Chinese Communist Party official pleads guilty to helping Bitcoin miners


According to a report published by state-owned daily news program Xinwen Lianbo on Dec. 29, Xiao Yi, former Communist Party Secretary of the City of Fuzhou, pleaded guilty to corruption charges in the Zhejiang Hangzhou Intermediate People’s Court. During his tenure as director from 2008 to 2021, Yi was accused of accepting over 125 million CNY ($18 million) in bribes related to construction programs and illicit promotions.

In addition to the aforementioned counts, Yi also pleaded guilty to charges related to business transactions between himself and Bitcoin (BTC) miners from 2017 to 2021. It is unclear if the series of charges were related. As reported by Xinwen Lianbo:

“During his 2017 to 2021 tenure as the Communist Party Secretary of the City of Fuzhou, Xiao Yi provided support to cryptocurrency mining companies in the form of subsidies, capital aid, and electricity assurance. These acts were contrary to national regulations, the theory of New Development, and led to massive losses in public property, leading to adverse consequences.”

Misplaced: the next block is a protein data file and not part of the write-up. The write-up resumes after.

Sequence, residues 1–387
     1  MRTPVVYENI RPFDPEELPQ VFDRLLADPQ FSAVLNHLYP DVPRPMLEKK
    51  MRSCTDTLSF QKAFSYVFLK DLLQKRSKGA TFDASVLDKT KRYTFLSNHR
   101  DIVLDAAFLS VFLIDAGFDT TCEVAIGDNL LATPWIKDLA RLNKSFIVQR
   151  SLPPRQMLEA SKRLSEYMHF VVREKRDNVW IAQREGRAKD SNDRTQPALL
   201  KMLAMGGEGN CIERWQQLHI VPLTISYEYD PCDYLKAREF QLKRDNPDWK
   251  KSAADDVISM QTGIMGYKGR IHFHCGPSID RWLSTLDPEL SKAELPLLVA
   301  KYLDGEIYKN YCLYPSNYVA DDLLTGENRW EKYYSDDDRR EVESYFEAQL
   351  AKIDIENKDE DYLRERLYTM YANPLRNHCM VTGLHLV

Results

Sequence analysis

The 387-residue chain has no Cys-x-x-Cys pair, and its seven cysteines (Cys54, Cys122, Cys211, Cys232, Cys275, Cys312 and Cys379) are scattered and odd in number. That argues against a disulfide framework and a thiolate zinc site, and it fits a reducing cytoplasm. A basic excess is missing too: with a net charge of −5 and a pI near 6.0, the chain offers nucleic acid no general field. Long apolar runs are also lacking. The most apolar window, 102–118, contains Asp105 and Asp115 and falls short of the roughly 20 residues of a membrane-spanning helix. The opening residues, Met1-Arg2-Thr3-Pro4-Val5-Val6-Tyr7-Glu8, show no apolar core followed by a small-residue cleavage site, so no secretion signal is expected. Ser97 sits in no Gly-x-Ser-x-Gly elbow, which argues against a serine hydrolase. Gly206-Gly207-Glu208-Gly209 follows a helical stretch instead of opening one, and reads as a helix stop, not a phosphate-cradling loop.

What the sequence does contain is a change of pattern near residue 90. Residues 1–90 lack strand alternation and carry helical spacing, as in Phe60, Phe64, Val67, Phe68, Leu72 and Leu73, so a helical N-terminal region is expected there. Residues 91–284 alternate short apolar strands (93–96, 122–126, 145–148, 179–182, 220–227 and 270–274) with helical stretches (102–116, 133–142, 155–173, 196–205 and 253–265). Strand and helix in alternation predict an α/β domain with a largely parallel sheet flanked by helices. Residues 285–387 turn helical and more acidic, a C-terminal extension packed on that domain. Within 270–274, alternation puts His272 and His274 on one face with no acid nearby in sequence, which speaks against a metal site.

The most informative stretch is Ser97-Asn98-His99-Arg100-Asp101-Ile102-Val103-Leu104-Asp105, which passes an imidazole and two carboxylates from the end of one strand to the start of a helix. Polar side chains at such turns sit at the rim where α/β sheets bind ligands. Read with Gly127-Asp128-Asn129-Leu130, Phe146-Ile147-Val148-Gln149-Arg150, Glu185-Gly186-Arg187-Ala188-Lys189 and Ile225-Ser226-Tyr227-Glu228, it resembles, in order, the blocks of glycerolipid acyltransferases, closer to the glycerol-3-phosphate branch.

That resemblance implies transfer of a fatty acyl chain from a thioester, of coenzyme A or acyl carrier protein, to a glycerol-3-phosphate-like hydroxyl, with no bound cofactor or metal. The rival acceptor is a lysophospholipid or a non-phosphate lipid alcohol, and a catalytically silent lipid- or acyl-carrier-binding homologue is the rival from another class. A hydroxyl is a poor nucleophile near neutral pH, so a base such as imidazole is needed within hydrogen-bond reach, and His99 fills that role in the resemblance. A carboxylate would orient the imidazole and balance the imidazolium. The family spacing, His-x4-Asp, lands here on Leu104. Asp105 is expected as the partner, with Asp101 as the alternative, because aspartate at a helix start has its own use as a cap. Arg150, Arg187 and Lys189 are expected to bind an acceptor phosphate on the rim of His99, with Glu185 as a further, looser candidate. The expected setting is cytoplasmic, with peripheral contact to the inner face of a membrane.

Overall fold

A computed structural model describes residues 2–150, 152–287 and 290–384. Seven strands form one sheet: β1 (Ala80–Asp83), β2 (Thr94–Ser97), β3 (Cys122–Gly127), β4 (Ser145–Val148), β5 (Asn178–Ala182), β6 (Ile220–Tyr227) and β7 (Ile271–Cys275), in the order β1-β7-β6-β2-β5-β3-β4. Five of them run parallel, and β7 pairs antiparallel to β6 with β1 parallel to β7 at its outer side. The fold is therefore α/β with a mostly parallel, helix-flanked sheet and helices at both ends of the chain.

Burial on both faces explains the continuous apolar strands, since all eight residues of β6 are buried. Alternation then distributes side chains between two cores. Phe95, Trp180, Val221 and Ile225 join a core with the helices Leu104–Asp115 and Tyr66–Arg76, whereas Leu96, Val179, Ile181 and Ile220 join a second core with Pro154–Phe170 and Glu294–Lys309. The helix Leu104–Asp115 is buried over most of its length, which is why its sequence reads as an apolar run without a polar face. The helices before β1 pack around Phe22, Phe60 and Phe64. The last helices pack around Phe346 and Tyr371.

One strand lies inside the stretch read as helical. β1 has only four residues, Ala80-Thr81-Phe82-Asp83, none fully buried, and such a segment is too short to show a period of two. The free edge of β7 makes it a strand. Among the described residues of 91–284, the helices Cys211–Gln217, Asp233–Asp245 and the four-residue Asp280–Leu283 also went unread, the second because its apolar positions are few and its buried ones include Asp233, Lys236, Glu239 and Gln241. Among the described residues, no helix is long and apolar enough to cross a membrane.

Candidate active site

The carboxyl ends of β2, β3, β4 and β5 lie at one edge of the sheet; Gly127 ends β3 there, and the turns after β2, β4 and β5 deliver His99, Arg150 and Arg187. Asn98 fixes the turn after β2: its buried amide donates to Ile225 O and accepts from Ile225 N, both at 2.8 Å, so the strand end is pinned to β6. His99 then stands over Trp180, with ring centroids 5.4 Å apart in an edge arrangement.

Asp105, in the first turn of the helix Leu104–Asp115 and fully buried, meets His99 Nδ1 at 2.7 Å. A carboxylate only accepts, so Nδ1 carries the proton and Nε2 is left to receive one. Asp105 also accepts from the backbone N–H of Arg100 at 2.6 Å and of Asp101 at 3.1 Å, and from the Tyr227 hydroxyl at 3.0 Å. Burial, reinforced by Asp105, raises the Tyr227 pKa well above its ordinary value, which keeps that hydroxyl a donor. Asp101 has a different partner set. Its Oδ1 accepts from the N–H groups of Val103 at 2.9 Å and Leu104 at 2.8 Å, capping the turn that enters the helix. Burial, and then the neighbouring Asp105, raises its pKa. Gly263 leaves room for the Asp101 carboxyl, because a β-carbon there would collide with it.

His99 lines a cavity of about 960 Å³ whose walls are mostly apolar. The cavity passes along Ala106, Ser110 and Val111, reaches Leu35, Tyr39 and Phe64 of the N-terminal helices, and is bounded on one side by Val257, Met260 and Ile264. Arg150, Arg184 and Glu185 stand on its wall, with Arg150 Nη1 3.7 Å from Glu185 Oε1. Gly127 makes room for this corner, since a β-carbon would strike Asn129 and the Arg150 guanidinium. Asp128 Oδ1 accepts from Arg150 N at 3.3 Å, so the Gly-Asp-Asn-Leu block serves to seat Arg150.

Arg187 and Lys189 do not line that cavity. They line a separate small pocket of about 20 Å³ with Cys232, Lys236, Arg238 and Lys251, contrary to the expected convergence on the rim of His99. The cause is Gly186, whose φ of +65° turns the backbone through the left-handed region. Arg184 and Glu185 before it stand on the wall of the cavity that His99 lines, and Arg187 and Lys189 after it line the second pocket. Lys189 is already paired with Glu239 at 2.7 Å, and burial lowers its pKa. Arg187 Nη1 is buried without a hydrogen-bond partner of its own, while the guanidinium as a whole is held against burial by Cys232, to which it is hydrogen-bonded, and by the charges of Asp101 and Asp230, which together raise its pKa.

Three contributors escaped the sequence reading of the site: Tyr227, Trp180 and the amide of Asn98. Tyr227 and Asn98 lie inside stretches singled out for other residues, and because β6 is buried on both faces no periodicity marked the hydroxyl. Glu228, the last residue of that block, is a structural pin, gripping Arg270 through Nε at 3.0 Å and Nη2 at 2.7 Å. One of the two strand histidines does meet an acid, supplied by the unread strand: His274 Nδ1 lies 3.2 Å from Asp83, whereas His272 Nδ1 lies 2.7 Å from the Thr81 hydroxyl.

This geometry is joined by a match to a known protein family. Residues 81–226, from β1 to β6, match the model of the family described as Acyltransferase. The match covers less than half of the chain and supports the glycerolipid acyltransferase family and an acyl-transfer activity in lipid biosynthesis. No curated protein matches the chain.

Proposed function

Citing the need to achieve “carbon neutrality” targets and “high energy costs,” the Chinese Government banned all cryptocurrency mining activities on Sept. 24, 2021. The legislation blocks cryptocurrency miners’ access to electricity markets, capital markets, and an overall investment ban. 

However, it appears the ban has been difficult to enforce, partly due to crypto mining’s decentralized and peer-to-peer nature. In May 2022, Cointelegraph reported that China has returned as the world’s second-biggest Bitcoin mining hub despite the ban. The legislation itself also allows local authorities to impose a cryptocurrency mining tariff of 0.30 CNY per kWh ($0.0431) of electricity use as an alternative to cutting off energy in the event of discovery. The court has been adjourned for sentencing Xiao Yi in the upcoming session.

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Chinese crypto miners have proven to be resilient despite a nation-wide crackdown | Source: Cambridge Bitcoin Electricity Consumption Index